Can Your Car Be Hacked?

Every device that connects to the internet can be hacked, including your car. We’re all familiar with what can happen if your phone or computer gets breached. You’ll lose access to your data, lose your money, or get your identity stolen.

But if hackers take control of your car, the problems are immediate and deadly. Here are some of the most dangerous things cybercriminals can do to your vehicle:

Disable Brakes. Hackers can get into your onboard computer and turn off the brakes if you’re using your electric car on autopilot. The same thing can happen if you’re in control since microprocessors still send the signal to the braking system. If the system stops working, your brakes stop working.

Rapidly Accelerate. Hackers can take control of the acceleration system. Cybercriminals can hack into power locks, deploy airbag systems, and force your car to accelerate. Even if you can control your steering wheel, the rapid acceleration (combined with no brakes) is not something you want to happen.

Mess with your AC. It’s scorching hot outside. You get in your car and turn on the AC. To your surprise, instead of cold air blasting through the system, you get more hot air, the seat warmers turn on, and your car locks up. You’re cooking. The reverse scenario can happen in the winter, where you get locked into a freezing car that keeps getting colder.

All these situations are unlikely, but they’re still possible.

How to protect your car from getting hacked?

Hackers still haven’t set their sights on vehicles, and cyberattacks on cars are very hard to pull off. However, as electric vehicles become more mainstream, this could become the future we all live in. Here’s how to protect yourself.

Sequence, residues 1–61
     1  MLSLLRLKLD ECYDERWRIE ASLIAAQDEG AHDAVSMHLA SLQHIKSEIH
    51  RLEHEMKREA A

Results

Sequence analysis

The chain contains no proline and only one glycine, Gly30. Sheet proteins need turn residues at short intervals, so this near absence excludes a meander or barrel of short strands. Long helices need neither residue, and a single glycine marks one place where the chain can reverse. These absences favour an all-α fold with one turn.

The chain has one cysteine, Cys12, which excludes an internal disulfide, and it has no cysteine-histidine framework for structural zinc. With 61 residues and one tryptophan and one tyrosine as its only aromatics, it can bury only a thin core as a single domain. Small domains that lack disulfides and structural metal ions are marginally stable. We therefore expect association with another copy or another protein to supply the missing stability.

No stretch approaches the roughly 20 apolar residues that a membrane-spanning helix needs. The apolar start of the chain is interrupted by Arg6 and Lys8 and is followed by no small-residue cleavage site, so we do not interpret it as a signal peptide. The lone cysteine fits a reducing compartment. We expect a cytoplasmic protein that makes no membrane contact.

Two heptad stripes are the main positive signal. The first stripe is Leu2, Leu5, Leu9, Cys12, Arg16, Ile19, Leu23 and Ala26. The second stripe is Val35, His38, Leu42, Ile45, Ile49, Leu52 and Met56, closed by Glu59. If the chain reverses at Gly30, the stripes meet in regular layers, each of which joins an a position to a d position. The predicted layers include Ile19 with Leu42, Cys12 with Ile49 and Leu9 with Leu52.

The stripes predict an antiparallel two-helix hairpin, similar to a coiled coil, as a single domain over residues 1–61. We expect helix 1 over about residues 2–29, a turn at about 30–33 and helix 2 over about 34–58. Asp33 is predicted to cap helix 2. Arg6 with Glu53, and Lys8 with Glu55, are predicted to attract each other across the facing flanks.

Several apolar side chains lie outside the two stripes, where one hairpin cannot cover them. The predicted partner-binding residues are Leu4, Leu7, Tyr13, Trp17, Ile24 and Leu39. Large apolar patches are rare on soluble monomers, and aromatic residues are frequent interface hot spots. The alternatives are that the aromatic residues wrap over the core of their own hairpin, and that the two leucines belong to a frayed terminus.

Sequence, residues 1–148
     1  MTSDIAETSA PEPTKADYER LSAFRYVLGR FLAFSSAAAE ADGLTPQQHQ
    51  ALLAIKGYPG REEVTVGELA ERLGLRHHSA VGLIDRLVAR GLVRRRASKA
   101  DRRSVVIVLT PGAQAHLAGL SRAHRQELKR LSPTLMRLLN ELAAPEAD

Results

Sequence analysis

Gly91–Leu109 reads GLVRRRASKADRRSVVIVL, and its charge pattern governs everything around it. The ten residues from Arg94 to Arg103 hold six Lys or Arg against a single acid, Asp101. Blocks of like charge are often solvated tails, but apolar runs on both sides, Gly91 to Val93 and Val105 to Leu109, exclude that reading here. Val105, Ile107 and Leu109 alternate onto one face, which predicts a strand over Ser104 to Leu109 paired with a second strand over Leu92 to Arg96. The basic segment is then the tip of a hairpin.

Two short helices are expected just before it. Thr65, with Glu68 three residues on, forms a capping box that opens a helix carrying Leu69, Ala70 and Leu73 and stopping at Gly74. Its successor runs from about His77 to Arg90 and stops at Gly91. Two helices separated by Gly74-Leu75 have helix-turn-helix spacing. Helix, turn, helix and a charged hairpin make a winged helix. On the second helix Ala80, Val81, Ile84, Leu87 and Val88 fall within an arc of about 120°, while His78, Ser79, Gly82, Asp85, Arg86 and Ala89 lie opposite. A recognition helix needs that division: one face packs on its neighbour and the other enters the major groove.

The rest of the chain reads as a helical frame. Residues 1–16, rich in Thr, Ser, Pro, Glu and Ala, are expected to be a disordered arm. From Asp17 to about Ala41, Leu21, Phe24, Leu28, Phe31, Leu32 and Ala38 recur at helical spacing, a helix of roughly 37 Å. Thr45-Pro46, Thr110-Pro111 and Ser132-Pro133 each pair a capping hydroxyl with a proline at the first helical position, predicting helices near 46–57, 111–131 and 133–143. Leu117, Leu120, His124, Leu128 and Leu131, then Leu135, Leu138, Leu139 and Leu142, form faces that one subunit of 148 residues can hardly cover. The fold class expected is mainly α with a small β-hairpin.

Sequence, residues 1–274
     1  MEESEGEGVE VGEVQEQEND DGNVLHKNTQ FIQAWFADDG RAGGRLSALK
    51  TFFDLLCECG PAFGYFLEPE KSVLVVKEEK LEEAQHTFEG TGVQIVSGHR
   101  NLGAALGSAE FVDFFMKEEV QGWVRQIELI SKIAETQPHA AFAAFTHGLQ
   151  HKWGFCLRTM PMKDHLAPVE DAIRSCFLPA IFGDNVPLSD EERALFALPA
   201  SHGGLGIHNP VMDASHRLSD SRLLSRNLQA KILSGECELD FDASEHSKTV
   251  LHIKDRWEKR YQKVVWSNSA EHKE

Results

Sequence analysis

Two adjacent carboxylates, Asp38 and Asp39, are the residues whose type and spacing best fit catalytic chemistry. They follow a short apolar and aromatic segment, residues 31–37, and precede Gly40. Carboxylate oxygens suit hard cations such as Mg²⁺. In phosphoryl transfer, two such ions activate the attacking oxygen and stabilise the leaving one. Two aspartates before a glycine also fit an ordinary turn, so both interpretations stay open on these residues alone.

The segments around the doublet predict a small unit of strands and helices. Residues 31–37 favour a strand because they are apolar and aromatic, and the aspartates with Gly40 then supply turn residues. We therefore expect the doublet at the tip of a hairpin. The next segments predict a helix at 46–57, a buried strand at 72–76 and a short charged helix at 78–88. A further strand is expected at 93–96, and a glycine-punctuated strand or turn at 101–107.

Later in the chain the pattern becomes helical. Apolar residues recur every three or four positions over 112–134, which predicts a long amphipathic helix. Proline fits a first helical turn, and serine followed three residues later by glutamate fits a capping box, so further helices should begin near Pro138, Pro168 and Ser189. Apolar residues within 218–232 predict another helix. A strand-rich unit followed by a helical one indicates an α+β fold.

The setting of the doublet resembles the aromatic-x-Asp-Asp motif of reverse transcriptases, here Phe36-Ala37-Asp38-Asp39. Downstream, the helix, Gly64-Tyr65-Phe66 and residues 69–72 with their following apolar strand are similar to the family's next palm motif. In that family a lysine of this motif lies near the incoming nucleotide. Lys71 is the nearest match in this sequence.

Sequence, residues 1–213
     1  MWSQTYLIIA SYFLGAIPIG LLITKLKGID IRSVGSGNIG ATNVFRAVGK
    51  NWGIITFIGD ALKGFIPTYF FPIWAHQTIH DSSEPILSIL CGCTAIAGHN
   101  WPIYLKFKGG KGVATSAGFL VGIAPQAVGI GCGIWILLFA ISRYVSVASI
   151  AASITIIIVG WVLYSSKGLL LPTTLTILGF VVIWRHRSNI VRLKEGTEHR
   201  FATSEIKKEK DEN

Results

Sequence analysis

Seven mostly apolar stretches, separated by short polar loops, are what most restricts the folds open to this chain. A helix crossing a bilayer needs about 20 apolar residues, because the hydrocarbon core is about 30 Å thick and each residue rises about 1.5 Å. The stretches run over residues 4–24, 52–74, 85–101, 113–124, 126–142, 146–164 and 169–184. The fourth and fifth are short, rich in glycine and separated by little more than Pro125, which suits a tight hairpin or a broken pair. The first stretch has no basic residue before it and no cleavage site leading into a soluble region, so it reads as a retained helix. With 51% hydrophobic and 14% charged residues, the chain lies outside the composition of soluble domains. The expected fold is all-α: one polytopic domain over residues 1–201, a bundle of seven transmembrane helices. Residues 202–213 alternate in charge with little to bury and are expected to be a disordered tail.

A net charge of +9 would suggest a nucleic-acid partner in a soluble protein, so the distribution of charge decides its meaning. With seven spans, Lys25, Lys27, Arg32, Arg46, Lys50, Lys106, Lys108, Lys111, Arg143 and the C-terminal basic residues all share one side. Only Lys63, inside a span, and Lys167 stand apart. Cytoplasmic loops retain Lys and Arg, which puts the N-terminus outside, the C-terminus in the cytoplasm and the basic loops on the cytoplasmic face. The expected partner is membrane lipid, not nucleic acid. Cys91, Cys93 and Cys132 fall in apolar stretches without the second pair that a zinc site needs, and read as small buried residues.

Drive an older car

If the car doesn’t connect to the internet, it can’t be hacked. Instead of having all the connected features, go for an older model and wait until manufacturers catch up to cybercriminals and know how to protect cars from cyberattacks.

See what hackers are talking about

Hackers spend their time on the dark web, sharing their findings and selling data they steal. You might have to do some dark web monitoring to see if they have gotten your data to avoid unsafe trips. Also, it would help to check what the general sentiment is before opting to get a new electric vehicle. If there’s talk about performing mass-scale car cyberattacks, it’s better to lay off a purchase and go for something gas-powered that works on simple mechanics.

Use reputable shops

Physical access to your car is the easiest way to take control of it or hack it. Whenever you’re taking your car for repair, you’re running a risk that mechanics can add a faulty part or hack the computer inside the vehicle. The process is so fast that they may tell you there’s no need for repairs. Only go to reputable shops and dealerships to ensure this doesn’t happen to you.

Don’t have your home address in your GPS

A hacker’s first target is your device. Their second target is your home. If you have your physical address in your GPS, it can be the breadcrumb that leads criminals to your doorstep. Of course, having your address readily available at all times is convenient, but if a hacker can get to your garage door, they can get to much more.

Don’t install suspicious apps

The easiest way to get malware in your car is to download untrusted applications. Vehicle infotainment systems aren’t protected, so malware can plow through the system without anything being able to stop it. Don’t install random apps or use the browser in your car. Use your phone for searches—and never do it while driving!

Check for vehicle recalls

In the age of hackable cars, there has been one case of recall for a bug that could be exploited for brake, acceleration, radio, and windshield wiper vulnerabilities. That happened almost a decade ago, but it’s still a stark reminder that mistakes can occur. As a car owner, you should be on top of any vehicle recall that may happen.

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